Simulation offers an extremely fast and low-cost method of generating feedback for engineers. An engineering team can use this tool to understand to a high-level of confidence the flow of material and the impact of factors that either positively or negatively impact production throughput.

Some of these factors include cycle times, inventory requirements, machine utilization, material handling paths and operator utilization. Along with understanding the impact of various factors on operational performance, simulation also helps identify project risks, potential cost overruns and implementation challenges, allowing the team to preemptively determine a mitigation plan.

There are three main types of techniques used for operational simulation:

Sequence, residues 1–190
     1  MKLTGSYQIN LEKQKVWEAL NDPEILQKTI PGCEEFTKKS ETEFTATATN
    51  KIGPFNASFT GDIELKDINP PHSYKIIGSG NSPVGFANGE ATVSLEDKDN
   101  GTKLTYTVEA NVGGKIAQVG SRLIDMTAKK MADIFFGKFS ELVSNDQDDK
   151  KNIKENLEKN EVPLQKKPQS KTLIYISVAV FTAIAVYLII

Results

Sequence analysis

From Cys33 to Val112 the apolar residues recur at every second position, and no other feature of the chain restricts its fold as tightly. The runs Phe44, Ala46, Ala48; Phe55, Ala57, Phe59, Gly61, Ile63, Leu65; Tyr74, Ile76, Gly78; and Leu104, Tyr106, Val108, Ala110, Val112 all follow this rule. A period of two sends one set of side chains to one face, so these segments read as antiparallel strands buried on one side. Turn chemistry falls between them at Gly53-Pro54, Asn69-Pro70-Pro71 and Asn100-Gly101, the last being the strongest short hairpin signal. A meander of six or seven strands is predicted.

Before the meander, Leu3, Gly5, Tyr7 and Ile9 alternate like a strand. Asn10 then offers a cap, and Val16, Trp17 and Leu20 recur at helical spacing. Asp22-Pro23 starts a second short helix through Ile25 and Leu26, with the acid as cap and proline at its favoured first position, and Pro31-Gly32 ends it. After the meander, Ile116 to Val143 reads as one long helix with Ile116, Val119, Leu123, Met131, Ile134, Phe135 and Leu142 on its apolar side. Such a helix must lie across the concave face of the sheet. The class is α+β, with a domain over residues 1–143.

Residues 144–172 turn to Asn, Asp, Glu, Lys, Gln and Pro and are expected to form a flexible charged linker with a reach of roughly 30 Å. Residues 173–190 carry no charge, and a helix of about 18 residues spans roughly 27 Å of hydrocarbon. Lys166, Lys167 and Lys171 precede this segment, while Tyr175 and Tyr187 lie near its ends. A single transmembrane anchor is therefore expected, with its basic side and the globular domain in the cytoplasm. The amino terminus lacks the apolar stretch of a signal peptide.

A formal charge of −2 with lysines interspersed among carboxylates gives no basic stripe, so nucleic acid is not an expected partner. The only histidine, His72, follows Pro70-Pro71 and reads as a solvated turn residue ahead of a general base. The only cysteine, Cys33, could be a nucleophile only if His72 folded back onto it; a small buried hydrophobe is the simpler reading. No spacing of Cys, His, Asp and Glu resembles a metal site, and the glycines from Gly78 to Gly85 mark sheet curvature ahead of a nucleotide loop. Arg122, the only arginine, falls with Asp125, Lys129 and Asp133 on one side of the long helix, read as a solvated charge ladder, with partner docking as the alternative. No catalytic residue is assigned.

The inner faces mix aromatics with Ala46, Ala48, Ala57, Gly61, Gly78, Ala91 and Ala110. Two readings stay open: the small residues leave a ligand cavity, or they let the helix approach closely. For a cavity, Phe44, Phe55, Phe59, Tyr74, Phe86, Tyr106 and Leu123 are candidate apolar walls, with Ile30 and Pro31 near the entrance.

1. Discrete Event Simulation (DES)
  2. System Dynamics Simulation (SD)
  3. Agent-Based Simulation (AB)

Each technique has its advantages and disadvantages, and out of the three, DES is the most popular technique for the modeling of manufacturing and warehouse operations.

One key reason is that DES is a form of stochastic simulation, which closely resembles the random nature of the real world. Although many DES software solutions have the capability to visualize an operation e.g., a factory, the source of the value lies underneath within the mathematical simulation.

Watch Our Arena Simulation Demo Below

Although popular, these well-established single simulation methods may not be sufficient to solve large-scale problems with increasing complexity. Each subsystem process can be modeled using the appropriate simulation approach; however, the challenge lies in defining the relationship linking these sub-models together. Recent literature shows promising frameworks to develop hybrid simulation modeling methods involving permutation and a combination of the above-mentioned techniques that relay information back and forth.